Conformational Dynamics Simulations of Proteins

Conference paper
Part of the Lecture Notes in Computational Science and Engineering book series (LNCSE, volume 4)


Molecular dynamics (MD) simulations of proteins provide descriptions of atomic motions, which allow to relate observable properties of proteins to microscopic processes. Unfortunately, such MD simulations require an enormous amount of computer time and, therefore, are limited to time scales of nanoseconds. We describe first a fast multiple time step structure adapted multipole method (FAMUSAMM) to speed up the evaluation of the computationally most demanding Coulomb interactions in solvated protein models, secondly an application of this method aiming at a microscopic understanding of single molecule atomic force microscopy experiments, and, thirdly, a new method to predict slow conformational motions at microsecond time scales.


Hierarchy Level Force Profile Rupture Force Fast Multipole Method Water Bridge 
These keywords were added by machine and not by the authors. This process is experimental and the keywords may be updated as the learning algorithm improves.


Unable to display preview. Download preview PDF.

Unable to display preview. Download preview PDF.


  1. 1.
    M. Levitt and Shneior Lifson. Refinement of protein conformation using a macromolecular energy minimization procedure. J. Mol. Biol, 46: 269–279, 1969.CrossRefGoogle Scholar
  2. 2.
    J. A. McCammon, B. R. Gelin, and M. Karplus. Dynamics of folded proteins. Nature (London), 267: 585–590, 1977.CrossRefGoogle Scholar
  3. 3.
    W. F. van Gunsteren and H. J. C. Berendsen. Algorithms for macromolecular dynamics and constraint dynamics. Mol. Phys., 34(5): 1311–1327, 1977.CrossRefGoogle Scholar
  4. 4.
    Olle Edholm, Oliver Berger, and Fritz Jähnig. Structure and fluctuations of bacteriorhodopsin in the purple membrane. J. Mol. Biol, 250: 94–111, 1995.CrossRefGoogle Scholar
  5. 5.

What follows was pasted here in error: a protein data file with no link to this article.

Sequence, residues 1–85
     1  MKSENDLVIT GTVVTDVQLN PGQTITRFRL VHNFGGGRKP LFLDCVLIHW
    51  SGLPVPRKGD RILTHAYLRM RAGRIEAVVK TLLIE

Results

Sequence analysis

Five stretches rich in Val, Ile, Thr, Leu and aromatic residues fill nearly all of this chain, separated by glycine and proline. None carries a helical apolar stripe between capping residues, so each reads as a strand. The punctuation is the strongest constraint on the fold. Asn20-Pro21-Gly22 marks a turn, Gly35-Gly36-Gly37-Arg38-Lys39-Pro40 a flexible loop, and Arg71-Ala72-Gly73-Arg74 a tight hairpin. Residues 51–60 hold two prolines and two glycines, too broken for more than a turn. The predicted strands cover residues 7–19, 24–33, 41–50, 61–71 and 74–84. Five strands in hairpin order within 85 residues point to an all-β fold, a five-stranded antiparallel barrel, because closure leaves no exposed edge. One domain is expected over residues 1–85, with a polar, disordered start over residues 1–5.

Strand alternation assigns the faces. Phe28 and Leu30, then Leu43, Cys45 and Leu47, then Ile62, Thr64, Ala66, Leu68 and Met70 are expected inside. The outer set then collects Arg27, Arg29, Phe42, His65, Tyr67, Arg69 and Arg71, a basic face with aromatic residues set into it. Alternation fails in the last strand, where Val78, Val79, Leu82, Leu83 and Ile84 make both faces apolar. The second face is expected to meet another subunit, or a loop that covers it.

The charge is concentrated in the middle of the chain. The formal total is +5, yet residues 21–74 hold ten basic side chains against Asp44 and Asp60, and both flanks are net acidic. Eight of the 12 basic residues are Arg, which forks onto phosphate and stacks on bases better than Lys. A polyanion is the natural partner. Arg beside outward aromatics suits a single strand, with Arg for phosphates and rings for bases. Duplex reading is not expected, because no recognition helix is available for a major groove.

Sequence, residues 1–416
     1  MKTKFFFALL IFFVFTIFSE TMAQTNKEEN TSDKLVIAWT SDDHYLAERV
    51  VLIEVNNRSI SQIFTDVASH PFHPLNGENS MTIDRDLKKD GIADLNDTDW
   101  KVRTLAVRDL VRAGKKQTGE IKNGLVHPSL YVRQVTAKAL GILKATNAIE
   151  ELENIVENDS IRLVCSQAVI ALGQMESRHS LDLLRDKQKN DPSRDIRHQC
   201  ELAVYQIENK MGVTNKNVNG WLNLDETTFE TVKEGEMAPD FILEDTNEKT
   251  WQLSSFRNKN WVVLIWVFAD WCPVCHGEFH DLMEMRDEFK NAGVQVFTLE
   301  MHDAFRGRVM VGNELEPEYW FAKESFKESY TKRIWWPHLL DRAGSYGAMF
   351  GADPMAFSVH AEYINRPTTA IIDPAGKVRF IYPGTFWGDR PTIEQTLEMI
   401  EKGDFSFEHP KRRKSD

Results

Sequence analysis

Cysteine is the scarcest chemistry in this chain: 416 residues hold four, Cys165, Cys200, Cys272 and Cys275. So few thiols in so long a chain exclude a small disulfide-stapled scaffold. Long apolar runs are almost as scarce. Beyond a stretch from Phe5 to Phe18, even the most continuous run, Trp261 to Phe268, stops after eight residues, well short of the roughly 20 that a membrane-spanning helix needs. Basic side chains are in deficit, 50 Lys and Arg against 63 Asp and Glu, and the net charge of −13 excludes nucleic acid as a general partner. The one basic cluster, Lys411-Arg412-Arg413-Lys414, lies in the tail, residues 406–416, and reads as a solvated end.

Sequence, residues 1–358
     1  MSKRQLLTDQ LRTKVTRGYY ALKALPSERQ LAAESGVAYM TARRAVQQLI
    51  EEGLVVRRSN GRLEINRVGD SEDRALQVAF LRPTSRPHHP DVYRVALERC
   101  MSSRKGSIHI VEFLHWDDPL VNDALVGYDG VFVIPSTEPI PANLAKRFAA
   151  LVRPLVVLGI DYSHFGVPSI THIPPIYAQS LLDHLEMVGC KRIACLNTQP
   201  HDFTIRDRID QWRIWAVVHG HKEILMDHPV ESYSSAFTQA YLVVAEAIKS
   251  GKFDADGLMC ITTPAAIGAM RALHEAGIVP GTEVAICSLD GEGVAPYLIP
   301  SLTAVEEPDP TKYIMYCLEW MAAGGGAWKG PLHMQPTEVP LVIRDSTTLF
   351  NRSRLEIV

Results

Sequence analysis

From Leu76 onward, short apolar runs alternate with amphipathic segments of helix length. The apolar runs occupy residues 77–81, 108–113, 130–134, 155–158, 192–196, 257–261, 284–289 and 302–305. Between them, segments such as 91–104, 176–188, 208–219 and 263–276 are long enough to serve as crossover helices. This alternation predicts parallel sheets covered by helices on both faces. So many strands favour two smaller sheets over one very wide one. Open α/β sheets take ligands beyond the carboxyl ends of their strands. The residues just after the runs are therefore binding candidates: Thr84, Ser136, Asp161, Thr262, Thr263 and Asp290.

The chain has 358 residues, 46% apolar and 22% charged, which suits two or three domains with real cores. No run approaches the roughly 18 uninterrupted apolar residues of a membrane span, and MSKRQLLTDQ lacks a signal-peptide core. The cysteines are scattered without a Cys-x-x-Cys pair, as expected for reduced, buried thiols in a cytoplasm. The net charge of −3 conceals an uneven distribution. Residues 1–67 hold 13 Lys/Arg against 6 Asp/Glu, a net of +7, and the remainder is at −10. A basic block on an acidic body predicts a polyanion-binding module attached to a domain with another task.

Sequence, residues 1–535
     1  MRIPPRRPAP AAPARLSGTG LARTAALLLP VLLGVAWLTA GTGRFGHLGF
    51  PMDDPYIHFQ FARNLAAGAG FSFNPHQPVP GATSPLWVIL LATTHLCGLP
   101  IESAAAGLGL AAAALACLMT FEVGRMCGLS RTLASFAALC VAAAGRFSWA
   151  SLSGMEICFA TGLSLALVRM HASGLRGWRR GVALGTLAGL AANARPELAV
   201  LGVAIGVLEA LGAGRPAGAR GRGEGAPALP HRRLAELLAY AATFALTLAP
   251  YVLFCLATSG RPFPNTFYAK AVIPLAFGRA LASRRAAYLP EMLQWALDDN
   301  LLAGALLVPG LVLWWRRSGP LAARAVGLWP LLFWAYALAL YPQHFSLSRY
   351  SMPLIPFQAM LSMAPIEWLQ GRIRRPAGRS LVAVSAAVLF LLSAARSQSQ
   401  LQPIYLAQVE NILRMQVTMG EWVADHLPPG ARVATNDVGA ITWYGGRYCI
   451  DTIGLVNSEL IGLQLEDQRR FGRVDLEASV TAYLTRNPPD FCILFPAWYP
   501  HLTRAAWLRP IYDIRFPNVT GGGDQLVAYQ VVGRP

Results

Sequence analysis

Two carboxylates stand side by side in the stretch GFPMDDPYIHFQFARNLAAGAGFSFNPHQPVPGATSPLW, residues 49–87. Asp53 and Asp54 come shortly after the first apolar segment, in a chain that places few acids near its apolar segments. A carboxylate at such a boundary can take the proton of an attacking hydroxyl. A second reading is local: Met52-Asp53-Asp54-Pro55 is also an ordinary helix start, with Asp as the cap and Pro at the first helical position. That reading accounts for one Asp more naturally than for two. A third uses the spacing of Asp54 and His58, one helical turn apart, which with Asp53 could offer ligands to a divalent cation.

M. Levitt and R. Sharon. Accurate simulation of protein dynamics in solution. Proc. Natl. Acad. Sci. USA, 85: 7557–7561, 1988.CrossRefGoogle Scholar
  6. 6.
    Walter Nadler, Axel T. Brünger, Klaus Schulten, and Martin Karplus. Molecular and stochastic dynamics of proteins. Proc. Natl. Acad. Sci. USA, 84: 7933–7937, Nov. 1987.CrossRefGoogle Scholar
  7. 7.
    H. Kovacs, A.E. Mark, J. Johansson, and W.F. van Gunsteren. The effect of environment on the stability of an integral membrane helix: Molecular dynamics simulations of surfactant protein C in chloroform, methanol and water. J. Mol. Biol, 247: 808–822, 1995.Google Scholar
  8. 8.
    G.H. Peters, D.M.F van Aalten, O. Edholm, S. Toxvaerd, and R. Bywater. Dynamics of proteins in different solvent systems: Analysis of essential motion in lipases. Biophys. J., 71: 2245–2255, 1996.CrossRefGoogle Scholar
  9. 9.
    M. C. Nuss, W. Zinth, W. Kaiser, E. Kölling, and D. Oesterhelt. Femtosecond spectroscopy of the first events of the photochemical cycle in bacteriorhodopsin. Chem. Phys. Lett, 117(1): 1–7, 1985.CrossRefGoogle Scholar
  10. 10.
    Feng Zhou, Andreas Windemuth, and Klaus Schulten. Molecular-dynamis study of the proton pump cycle of bacteriorhodopsin. Biochem., 32(9): 2291–2306, 1993.CrossRefGoogle Scholar
  11. 11.
    B. Leimkuhler and R. D. Skeel. J. Comp. Phys., 112: 117, 1994.MathSciNetzbMATHCrossRefGoogle Scholar
  12. 12.
    B.J. Leimkuhler, S. Reich, and R. D. Skeel. Integration methods for molecular dynamics. In Mathematical approaches to biomolecular structure and dynamics, Seiten 161–185, New York, 1996. Springer.Google Scholar
  13. 13.
    R. D. Skeel, G. H. Zhang, and T. Schlick. A family of symplectic integrators: Stability, accuracy, and molecular dynamics applications. SIAM J. Scient. COMP., 18: 203–222, 1997.MathSciNetzbMATHCrossRefGoogle Scholar
  14. 14.
    A. Ahmad and L. Cohen. A numerical integration scheme for the iV-body gravitational problem. J. Comp. Phys., 12: 389–402, 1973.zbMATHCrossRefGoogle Scholar
  15. 15.
    W. B. Streett, D. J. Tildesley, and G. Saville. Multiple time step methods in molecular dynamics. Mol. Phys., 35: 639–648, 1978.CrossRefGoogle Scholar
  16. 16.
    R. C. Y. Chin, G. W. Hedstrom, and F. A. Howes. Considerations on Solving Problems with Multiple Scales. Academic Press, Orlando, Florida, 1985.Google Scholar
  17. 17.
    Andreas Windemuth. Dynamiksimulation von Makromolekülen. Diplomarbeit, Technical University of Munich, Physics Department, T 30, James-Franck-Street, 8046 Garching, August 1988.Google Scholar
  18. 18.
    Mark E. Tuckerman, Glenn J. Martyna, and Bruce J. Berne. Molecular dynamics algorithm for condensed systems with multiple time scales. J. Chem. Phys., 93(2): 1287–1291, Jul. 1990.CrossRefGoogle Scholar
  19. 19.